Massage Studio & Healing Center
MASSAGE BOOSTS IMMUNITY
A 2010 study published in the Journal of Alternative and Complementary Medicine found that massage boosts patients’ white blood cell count, which plays a large role in defending the body from disease.
MASSAGE RELIEVES HEADACHES
Research from Granada University in Spain found that a single session of massage therapy has an immediate effect on perceived pain in patients with chronic tension headaches.
DEEP-TISSUE MASSAGE REDUCES
BLOOD PRESSURE & HEART RATE
Kaye Ad et al, 2008, The effect of deep-tissue massage therapy on blood pressure and heart rate, Journal of Alternative and Complementary Medicine, Vol. 14 Issue 2, p125-128.
Number of Participants: 263
1. Systolic, diastolic and mean blood pressure reduction
2. Heart rate reduction
A 2010 meta-analysis in the Journal of Clinical Psychiatry found that massage modalities like deep tissue reduce stress hormone levels and heart rate while boosting mood and relaxation by triggering the release of oxytocin and serotonin.
MASSAGE Versus DEPRESSION
Thirty-two depressed adolescent mothers received ten 30-minute sessions of massage therapy or relaxation therapy over a five-week period. Subjects were randomly assigned to each group.
Although both groups reported lower anxiety following their first and last therapy sessions, only the massage therapy group showed behavioral and stress hormone changes including a decrease in anxious behavior, pulse, and salivary cortisol levels. A decrease in urine cortisol levels suggested lower stress following the five-week period for the massage therapy group.
Field, T., Grizzle, N., Scafidi, F., & Schanberg, S. (1996). Massage and relaxation therapies’ effects on depressed adolescent mothers. Adolescence, 31, 903-911
Impact of Massage Therapy on Fatigue, Pain, and Spasticity in People with Multiple Sclerosis:
A Pilot Study
Multiple sclerosis is a chronic, immune-mediated, inflammatory disease that leads to fatigue, pain, and spasticity, as well as other sensorimotor and cognitive changes. Often traditional medical approaches are ineffective in alleviating these disruptive symptoms. Although about one-third of surveyed individuals report they use massage therapy as an adjunct to medical treatment, there is little empirical evidence that massage therapy is effective for symptom management in people with Multiple sclerosis.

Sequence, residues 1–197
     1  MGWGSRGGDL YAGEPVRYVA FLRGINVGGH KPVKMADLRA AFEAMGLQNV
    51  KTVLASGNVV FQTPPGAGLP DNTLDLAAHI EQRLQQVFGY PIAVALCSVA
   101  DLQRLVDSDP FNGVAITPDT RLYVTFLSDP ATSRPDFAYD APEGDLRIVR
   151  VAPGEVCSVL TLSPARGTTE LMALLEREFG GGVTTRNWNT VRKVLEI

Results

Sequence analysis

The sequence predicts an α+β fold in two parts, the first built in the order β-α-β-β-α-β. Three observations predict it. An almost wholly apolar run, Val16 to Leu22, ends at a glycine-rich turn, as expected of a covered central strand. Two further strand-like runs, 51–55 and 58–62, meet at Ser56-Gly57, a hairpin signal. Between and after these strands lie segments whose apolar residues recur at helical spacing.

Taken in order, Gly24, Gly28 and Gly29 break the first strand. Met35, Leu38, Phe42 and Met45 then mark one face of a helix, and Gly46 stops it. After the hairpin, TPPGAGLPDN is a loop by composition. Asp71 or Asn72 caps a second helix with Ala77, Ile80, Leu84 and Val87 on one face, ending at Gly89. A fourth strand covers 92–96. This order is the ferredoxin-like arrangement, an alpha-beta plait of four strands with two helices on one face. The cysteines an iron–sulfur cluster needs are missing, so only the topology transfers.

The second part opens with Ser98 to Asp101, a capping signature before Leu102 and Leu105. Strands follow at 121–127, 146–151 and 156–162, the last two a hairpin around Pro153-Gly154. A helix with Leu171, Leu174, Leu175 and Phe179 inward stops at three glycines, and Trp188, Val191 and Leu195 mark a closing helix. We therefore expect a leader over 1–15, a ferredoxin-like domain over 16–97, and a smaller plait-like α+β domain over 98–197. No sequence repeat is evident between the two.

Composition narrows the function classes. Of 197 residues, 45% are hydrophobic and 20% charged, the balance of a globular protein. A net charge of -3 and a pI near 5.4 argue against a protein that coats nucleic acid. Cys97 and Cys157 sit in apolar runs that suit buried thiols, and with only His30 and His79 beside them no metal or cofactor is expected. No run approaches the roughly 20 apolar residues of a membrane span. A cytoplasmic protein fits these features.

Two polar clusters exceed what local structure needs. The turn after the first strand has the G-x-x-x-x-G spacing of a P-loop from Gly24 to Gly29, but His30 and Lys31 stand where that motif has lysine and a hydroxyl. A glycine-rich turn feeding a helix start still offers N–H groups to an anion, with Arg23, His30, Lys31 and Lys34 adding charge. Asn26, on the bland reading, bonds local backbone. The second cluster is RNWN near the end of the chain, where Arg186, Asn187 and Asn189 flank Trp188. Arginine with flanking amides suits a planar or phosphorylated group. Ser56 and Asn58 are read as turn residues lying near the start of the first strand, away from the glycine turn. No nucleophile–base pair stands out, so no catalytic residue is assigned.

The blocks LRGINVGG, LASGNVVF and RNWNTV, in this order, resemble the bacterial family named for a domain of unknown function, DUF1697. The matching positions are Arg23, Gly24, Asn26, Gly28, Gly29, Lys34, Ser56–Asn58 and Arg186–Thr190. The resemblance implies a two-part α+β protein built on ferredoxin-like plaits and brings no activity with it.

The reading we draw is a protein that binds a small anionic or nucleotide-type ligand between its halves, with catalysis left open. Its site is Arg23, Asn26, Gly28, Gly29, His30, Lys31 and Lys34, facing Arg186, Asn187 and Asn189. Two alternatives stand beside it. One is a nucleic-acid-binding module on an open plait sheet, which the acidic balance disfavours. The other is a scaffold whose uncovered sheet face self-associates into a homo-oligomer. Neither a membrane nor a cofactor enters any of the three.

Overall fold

Purpose: To measure the effects of massage therapy on fatigue, pain, spasticity, perception of health, and quality of life in people with Multiple sclerosis.
Massage therapy as delivered in this study is a safe and beneficial intervention for management of fatigue and pain in people with Multiple sclerosis. Decreasing fatigue and pain appears to correlate with improvement in quality of life, which is meaningful for people with Multiple sclerosis who have a chronic disease resulting in long-term health care needs.
Massage Therapy & Parkinson’s Disease:
A Case Report
Objective: To determine if massage therapy can produce favorable outcomes with respect to the severity of rigidity and tremor in a patient with PD.
A 63-year-old female patient with idiopathic, long-standing, Hoehn-Yahr Stage 4 PD was treated with massage therapy five times over the course of six weeks. A SPES/SCOPA Motor Impairments rating scale was used to measure rigidity and tremor pre- and post-treatment, to gauge treatment effectiveness. The massage treatments consisted of deep longitudinal stroking, muscle squeezing techniques, passive range of motion movements, and general relaxation techniques to encourage a soothing environment while promoting a decrease in muscular tone and hyperactivity. Massage therapy administration was by a student near the end of her two year diploma.
The results obtained indicated that massage therapy treatment had a positive effect on reducing resting and postural tremor in a patient with long-standing PD. The treatment was also effective in temporarily reducing rigidity during treatment, but did not produce a lasting effect.